The dog ate Chris Daly‘s homework.
Back in ’91, Janine Irons and Gary Crosby launched Tomorrow’s Warriors,a jazz development program “with a special focus on those from the African diaspora and girls.” Graduates from the program read like a current “Who’s Who” of British jazz, but one group of attendees is starting to stand out from the rest. Nérija, the septet comprised of Nubya Garcia (tenor saxophone), Sheila Maurice-Grey (trumpet), Cassie Kinoshi (alto saxophone), Rosie Turton (trombone), Shirley Tetteh (guitar), Lizy Exell (drums) and Rio Kai (bass), has been kicking ass and taking names for a few years now, having already dropped their superb, eponymous EP in 2016. Now the women in the band (plus, Rio, the one dude) are back with Blume, attempting to prove that the best jazz is performed collectively.
With two group compositions and one track composed by each individual member, Blume very much has a family affair appeal. Whether it’s the easy entry groove of the band-composed opener, “Nascence,” or the more frenetic approach of “Last Straw,” the band gives ample time and space to each individual for solos while retaining a group strength that carries each track. Nérija shifts stylistically throughout the album, from the funk-driven guitar work on “Last Straw” to the thumping percussion and bass on “Equanimous” to the blood pumping pace of “Swift.” No two tracks sound alike, and quite frankly, that seems to be the point. When you’ve got a crew this talented, you let them each shine. Their touch is light, but do not mistake that for anything approaching weak. This is a band that WORKS in basically every sense of the word.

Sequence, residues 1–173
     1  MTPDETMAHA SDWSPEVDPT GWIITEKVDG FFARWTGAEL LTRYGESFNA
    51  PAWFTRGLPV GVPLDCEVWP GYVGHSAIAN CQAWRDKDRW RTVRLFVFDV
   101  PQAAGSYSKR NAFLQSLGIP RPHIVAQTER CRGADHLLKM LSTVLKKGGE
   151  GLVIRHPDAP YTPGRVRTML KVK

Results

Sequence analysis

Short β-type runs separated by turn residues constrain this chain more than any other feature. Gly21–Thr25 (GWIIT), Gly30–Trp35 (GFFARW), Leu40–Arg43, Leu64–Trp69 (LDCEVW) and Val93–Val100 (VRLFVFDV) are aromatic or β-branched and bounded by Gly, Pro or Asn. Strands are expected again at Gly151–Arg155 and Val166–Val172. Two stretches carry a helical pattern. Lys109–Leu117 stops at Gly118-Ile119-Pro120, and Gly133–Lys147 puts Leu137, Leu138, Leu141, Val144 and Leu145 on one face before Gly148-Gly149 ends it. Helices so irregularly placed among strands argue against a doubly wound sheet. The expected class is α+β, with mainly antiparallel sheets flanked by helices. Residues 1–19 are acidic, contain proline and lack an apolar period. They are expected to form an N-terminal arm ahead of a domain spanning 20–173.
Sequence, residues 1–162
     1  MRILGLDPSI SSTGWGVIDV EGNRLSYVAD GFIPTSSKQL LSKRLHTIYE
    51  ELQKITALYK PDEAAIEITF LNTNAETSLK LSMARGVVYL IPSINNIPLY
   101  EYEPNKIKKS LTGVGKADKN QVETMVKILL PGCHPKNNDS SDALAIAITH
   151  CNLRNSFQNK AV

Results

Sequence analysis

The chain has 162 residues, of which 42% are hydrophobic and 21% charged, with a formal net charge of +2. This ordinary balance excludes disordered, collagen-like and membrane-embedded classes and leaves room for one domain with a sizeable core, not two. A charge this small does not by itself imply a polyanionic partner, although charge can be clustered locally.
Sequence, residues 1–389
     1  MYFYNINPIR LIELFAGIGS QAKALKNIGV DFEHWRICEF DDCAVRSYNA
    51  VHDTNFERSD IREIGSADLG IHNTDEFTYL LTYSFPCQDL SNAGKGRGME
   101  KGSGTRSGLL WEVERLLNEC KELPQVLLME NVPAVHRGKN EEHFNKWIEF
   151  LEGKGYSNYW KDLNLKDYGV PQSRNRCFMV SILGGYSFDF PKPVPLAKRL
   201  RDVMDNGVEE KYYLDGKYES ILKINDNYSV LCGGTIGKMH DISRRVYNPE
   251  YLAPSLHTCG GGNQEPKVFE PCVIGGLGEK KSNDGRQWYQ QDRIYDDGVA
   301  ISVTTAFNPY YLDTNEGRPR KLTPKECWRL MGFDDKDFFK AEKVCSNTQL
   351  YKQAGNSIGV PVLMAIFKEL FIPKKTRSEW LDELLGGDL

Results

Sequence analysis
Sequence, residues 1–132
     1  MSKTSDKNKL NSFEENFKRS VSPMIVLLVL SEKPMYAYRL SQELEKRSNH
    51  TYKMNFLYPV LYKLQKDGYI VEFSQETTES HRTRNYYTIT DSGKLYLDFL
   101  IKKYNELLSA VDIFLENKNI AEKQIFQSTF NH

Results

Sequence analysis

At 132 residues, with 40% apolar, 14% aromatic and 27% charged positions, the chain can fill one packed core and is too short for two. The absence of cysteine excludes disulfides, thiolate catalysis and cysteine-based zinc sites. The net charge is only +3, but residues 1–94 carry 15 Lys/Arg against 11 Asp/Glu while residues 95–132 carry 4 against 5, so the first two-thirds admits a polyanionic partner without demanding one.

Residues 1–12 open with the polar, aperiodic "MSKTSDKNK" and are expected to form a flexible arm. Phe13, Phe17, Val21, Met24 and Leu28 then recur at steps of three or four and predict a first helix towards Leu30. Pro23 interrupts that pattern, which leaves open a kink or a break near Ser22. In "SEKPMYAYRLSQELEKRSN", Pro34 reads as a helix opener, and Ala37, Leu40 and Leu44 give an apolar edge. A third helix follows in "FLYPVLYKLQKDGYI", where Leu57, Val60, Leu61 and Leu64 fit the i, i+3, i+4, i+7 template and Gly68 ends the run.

You know the drill here at POW. No matter the situation, you’re always better served listening to more jazz. On Blume, Nérija makes that a treat, not homework.